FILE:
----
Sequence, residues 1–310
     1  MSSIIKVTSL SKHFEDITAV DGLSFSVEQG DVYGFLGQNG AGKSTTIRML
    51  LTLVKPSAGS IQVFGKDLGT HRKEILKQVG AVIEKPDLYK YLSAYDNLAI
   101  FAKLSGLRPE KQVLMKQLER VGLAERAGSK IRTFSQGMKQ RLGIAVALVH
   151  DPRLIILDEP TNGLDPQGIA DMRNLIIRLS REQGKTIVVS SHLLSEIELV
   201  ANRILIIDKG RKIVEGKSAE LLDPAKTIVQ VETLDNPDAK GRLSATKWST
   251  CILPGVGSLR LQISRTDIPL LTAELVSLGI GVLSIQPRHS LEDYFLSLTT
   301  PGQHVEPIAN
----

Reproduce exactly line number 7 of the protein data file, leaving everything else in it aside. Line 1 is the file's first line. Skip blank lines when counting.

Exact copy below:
   251  CILPGVGSLR LQISRTDIPL LTAELVSLGI GVLSIQPRHS LEDYFLSLTT